By Paul Sandle
LONDON (Reuters) -Britain’s telecoms regulator needs more time to consider BT’s wholesale pricing, it said on Friday after concerns were raised over the company’s boss saying its network expansion will “end in tears” for some of its competitors.
BT wants to offer discounts to internet service providers such as Sky, Vodafone and TalkTalk in return for moving customers to the national fibre network it is building.
Rivals such as Virgin Media O2 and alternative fibre providers known as altnets are investing billions of pounds to build competing networks.
However, Ofcom said on Friday that to provide certainty and stability it would not be appropriate for BT’s Openreach to launch its Equinox 2 pricing scheme, planned for April 1, until the regulator has given final approval.
Openreach said it was important that Ofcom had time to consider all feedback fully and fairly and, therefore, its discounted prices would not take effect on April 1.
It added that prices will be backdated if Ofcom approves the scheme in May.
“Our offer is a response to customers, who want lower prices and long-term certainty to help them switch to faster, more reliable broadband connections,” it said.
The regulator had said in February that it did not consider the offer from the former monopoly to be anti-competitive.
But comments made by BT Chief Executive Philip Jansen to the Financial Times – headlined “BT chief warns Openreach fibre push will ‘end in tears’ for rivals” – caused “significant concern”, Ofcom said.
Ofcom chief Melanie Dawes said in a letter to Jansen, published on Friday, that the regulator was committed to network competition.
“Were it to become apparent that BT is able nonetheless to distort competition in the market, we would not hesitate to take regulatory action to address this,” she said.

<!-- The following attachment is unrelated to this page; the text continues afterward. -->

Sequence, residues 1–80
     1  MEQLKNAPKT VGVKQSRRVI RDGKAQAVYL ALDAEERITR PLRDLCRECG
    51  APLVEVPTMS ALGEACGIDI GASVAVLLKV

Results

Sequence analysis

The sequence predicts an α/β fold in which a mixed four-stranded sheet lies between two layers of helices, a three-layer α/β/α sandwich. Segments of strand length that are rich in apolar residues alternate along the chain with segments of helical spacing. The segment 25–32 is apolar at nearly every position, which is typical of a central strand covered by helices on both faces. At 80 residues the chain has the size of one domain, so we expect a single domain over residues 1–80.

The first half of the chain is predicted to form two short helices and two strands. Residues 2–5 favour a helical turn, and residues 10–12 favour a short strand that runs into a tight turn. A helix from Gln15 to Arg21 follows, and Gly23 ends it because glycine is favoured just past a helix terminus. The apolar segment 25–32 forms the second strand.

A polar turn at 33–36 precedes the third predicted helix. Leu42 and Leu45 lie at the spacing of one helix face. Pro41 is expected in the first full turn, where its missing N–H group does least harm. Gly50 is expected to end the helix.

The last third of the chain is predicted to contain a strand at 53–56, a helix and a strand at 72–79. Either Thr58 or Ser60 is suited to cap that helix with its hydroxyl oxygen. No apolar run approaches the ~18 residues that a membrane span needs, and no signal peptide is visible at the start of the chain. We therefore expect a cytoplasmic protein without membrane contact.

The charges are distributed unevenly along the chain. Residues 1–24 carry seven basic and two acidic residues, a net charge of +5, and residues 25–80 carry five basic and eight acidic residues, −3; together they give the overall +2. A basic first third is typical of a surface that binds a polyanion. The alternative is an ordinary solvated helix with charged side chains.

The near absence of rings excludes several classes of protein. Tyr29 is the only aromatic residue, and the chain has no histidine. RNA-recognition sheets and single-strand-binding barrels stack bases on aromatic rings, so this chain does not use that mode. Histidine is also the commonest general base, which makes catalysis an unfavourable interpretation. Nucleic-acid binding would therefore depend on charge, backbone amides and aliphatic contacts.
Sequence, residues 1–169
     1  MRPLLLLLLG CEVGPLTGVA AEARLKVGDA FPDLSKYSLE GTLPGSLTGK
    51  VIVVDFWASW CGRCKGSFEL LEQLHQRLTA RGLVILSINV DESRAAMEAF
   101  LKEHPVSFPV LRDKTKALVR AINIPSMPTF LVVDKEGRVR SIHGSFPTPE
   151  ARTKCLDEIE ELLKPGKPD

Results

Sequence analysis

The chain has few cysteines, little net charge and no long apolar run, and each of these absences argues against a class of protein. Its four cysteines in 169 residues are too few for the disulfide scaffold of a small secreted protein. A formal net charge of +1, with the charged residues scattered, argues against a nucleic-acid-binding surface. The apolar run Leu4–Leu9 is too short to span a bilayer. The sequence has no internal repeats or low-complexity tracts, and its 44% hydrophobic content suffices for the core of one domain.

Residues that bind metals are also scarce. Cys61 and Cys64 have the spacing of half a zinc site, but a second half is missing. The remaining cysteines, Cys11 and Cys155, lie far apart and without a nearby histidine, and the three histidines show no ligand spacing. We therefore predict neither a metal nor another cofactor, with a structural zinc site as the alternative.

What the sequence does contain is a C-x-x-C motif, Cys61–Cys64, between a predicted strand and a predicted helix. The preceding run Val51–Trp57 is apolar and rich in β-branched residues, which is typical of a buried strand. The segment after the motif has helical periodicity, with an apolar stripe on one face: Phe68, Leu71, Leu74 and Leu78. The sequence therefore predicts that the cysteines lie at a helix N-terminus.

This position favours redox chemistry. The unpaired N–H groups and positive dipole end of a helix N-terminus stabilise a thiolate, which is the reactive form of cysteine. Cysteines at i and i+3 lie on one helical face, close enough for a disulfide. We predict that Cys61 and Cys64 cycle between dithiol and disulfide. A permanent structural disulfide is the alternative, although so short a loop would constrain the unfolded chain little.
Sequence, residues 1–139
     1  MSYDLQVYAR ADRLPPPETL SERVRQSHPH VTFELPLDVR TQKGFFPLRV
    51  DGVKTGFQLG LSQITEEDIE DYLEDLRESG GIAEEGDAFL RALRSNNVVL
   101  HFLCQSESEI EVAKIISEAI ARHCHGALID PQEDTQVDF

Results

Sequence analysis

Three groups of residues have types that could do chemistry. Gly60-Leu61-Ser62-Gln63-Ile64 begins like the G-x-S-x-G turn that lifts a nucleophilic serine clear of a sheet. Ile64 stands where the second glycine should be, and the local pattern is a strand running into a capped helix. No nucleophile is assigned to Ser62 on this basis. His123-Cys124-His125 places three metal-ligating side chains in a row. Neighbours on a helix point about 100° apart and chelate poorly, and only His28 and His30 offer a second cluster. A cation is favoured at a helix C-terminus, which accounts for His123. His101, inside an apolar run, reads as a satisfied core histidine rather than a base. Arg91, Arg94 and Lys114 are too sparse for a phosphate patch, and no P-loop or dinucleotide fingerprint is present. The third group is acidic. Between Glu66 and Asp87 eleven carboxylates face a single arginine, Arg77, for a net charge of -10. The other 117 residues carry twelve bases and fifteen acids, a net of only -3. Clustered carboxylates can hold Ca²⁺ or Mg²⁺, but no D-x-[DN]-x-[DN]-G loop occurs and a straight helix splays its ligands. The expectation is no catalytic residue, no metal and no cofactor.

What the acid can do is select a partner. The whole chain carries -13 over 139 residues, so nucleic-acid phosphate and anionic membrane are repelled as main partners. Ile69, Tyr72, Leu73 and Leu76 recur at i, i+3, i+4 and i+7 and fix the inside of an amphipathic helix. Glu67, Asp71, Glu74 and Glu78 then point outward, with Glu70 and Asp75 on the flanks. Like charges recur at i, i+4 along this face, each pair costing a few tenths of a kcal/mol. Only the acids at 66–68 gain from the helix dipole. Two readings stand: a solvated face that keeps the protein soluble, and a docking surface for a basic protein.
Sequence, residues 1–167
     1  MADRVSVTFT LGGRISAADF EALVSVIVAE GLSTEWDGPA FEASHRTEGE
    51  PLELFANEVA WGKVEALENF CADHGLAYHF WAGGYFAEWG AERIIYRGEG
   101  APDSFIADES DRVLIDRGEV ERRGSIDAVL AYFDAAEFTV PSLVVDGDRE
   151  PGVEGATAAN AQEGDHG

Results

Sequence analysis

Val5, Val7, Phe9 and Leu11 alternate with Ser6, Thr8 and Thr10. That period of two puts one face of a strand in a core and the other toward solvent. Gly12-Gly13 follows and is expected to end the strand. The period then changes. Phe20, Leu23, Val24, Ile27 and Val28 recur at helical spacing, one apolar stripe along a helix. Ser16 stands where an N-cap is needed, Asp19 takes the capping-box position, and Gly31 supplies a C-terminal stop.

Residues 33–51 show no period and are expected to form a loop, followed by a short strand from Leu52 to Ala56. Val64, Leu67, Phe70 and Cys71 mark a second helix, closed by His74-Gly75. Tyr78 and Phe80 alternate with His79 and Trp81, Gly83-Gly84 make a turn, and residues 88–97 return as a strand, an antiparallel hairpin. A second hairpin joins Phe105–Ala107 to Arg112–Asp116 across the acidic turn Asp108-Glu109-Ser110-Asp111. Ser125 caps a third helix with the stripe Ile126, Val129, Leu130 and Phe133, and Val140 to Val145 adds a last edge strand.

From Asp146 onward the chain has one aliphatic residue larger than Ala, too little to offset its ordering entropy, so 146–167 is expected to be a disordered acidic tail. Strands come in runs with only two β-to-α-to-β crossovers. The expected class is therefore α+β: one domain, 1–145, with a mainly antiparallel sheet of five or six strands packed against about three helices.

Jansen’s response, also published by Ofcom, said his comments had been taken out of context in the article and headline. A BT spokesperson on Friday said the company had “always believed that competition is good for customers”.
Ofcom said respondents to its consultation had referred to Jansen’s comments.
INCA, the altnets’ representative body, said Ofcom’s initial evaluation of Equinox 2 was insufficient.
“They must question why BT Group is reducing its wholesale charges whilst increasing the prices that consumers pay for broadband,” INCA said.
BT’s earlier wholesale pricing, Equinox, was challenged by altnet CityFibre, but Ofcom decided not to intervene.
Virgin Media O2, BT’s biggest network rival, has said Equinox 2 needed to be thoroughly scrutinised to ensure Openreach was not using its market power to stop providers switching to other networks.
BT shares were down more than 4% on Friday, the biggest faller in the FTSE 100 index.
(Reporting by Paul SandleEditing by Jason Neely and David Goodman)
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